Our country proudly boasts of being the largest producer of cotton and jute and most importantly of having the largest weaving capacity in the world. It is here that garments are made right from the yarn stage and later exported to other countries. And these are facts enough to promote the immense potential of the textile industry in home ground. For which, the Ministry of Textiles, lead by Union Textiles Minister Smriti Irani, decided to support the space by hosting Textiles India 2017 in Gandhinagar. Starting today till July 2, 2017, this three-day, one-of-a-kind debut trade fair claims to bring textiles, traditions and technology, all under the same roof.
Around 1,000 international and national exhibitors and more than 20,000 international and domestic buyers are expected to attend this event. Moreover, the event schedule has slots for talks, discussions and conferences initiated by world leaders. There’s also a direct opportunity created for brands to not just build but also grow their businesses in this space.
Textiles India 2017 has a strong network of India’s well-known designers who have been rooting and promoting this event. In fact, 31 of India’s design geniuses will display their collections over a span of these two days. Two fashion shows dedicated to the art of Indian textiles have been slated as the ‘sartorial showcase of the year’. Titled Symphony of Weaves, the curtain raiser that was held today showcased works of designers such as Rahul Mishra, Rohit Bal, Rajesh Pratap Singh. While duo Abraham & Thakore presented their love for recycled textiles through their work, Manish Malhotra’s line used chikankari as the main design technique. Anavila Misra worked with pure handwoven linen from West Bengal that was detailed with textures and zari. On the other hand, Anita Dongre made use of Benarasi handloom with gota handicraft embroidery while Sabyasachi chose zardozi for his collection. Designers like Ritu Kumar, Gaurav Gupta, among others, have worked with futuristic textiles, Benares metal weaving, recycled material, Baghru handicraft, and other varied themes and elements.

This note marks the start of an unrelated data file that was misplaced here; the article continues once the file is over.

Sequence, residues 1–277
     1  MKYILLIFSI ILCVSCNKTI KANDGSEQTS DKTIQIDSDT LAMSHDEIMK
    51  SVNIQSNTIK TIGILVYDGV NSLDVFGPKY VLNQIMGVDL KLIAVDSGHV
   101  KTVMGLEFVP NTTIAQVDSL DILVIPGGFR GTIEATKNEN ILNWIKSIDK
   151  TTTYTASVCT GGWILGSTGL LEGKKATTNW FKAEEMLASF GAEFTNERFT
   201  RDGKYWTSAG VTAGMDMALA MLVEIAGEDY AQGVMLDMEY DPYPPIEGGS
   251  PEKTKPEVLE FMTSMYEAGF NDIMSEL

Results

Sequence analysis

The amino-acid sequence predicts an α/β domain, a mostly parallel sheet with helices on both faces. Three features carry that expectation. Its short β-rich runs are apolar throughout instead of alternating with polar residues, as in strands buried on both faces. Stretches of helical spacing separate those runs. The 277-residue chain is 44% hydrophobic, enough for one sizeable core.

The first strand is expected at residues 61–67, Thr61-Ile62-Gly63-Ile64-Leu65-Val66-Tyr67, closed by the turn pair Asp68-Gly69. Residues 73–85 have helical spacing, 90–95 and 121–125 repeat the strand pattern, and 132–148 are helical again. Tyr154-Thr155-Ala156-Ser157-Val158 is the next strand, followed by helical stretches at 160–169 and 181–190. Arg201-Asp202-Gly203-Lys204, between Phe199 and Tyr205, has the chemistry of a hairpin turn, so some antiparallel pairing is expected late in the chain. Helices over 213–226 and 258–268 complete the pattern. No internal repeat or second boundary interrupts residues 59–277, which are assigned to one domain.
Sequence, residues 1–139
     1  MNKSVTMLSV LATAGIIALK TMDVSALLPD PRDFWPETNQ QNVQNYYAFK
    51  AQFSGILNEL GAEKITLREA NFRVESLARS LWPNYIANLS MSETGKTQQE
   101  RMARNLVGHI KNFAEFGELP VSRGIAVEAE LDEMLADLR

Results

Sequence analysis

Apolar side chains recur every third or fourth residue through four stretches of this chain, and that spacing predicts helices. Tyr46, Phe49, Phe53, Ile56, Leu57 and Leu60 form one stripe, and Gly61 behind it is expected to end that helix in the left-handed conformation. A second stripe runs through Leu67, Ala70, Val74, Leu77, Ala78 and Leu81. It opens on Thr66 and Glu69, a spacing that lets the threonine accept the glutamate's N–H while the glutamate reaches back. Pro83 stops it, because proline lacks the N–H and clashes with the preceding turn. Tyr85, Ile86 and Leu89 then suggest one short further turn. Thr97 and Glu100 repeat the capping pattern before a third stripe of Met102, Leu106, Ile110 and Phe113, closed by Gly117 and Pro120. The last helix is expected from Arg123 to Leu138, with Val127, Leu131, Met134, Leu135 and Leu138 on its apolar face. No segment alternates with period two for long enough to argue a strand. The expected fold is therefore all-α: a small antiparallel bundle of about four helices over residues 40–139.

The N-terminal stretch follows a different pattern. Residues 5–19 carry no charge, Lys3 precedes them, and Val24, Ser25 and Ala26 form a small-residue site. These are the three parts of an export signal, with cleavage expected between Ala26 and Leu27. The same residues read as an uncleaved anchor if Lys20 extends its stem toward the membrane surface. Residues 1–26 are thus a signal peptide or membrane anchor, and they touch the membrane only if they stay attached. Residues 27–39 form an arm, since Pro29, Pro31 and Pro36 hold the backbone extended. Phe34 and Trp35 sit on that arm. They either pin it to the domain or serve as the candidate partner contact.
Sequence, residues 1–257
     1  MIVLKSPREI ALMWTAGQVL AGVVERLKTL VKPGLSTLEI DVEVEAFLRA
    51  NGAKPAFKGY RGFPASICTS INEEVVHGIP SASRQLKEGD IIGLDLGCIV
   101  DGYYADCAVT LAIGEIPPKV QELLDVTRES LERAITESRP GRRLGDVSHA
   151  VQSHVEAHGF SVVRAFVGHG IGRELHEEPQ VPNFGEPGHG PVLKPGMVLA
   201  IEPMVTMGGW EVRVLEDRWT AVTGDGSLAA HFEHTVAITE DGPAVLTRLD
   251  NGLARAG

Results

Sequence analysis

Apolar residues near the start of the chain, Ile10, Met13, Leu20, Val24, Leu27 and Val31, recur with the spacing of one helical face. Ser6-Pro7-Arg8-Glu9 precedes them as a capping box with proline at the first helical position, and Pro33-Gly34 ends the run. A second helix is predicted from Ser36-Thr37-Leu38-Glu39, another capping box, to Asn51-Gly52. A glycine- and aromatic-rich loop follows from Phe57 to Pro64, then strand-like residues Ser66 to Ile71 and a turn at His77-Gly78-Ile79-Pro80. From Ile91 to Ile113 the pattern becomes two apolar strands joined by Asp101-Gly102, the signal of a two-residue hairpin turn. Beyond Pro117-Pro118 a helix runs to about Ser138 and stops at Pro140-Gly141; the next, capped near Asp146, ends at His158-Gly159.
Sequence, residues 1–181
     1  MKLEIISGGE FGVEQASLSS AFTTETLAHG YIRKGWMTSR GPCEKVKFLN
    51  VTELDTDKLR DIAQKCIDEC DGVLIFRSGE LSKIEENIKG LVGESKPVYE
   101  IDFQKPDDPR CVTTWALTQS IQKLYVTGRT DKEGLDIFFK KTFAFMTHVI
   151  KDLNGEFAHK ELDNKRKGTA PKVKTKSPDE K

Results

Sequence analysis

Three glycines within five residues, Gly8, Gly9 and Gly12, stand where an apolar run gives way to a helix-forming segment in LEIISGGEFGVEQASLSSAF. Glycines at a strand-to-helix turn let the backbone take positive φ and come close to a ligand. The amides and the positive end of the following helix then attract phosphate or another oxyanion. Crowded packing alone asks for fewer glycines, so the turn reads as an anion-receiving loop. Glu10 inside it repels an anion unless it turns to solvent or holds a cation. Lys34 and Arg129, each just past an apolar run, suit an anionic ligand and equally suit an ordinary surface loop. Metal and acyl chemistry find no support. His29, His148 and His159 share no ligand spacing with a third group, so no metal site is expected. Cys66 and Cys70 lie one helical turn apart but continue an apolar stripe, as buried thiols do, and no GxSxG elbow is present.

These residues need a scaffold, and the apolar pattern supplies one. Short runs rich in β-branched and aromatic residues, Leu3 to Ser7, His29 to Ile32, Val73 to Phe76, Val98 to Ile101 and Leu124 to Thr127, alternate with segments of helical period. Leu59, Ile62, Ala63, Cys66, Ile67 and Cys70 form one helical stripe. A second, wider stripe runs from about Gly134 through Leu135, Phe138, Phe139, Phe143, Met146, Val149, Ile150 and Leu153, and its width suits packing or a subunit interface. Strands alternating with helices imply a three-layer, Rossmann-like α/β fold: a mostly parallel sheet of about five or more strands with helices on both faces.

The Indian Handloom Show, that will happen tomorrow, will be about designers who’ve created pieces made of handloom fabrics in organic dyes. For this show, some designers (including Hemang Agrawal and Rajesh Pratap Singh, among others) have collaborated with handloom clusters from various parts of the country. The idea is attempted to promote ‘Make In India’ and the use of handwoven, handloom as well as sustainable textiles.
Prime Minister Narendra Modi who inaugurated the event explained the vision behind it as, “From farm to fibre, fibre to factory, factory to fashion, and fashion to foreign exports.” Thanks to this initiative, one can expect a massive push for the textile industry. In fact, we think this debut attempt will help connect India with the global market of investors, manufacturers and consumers.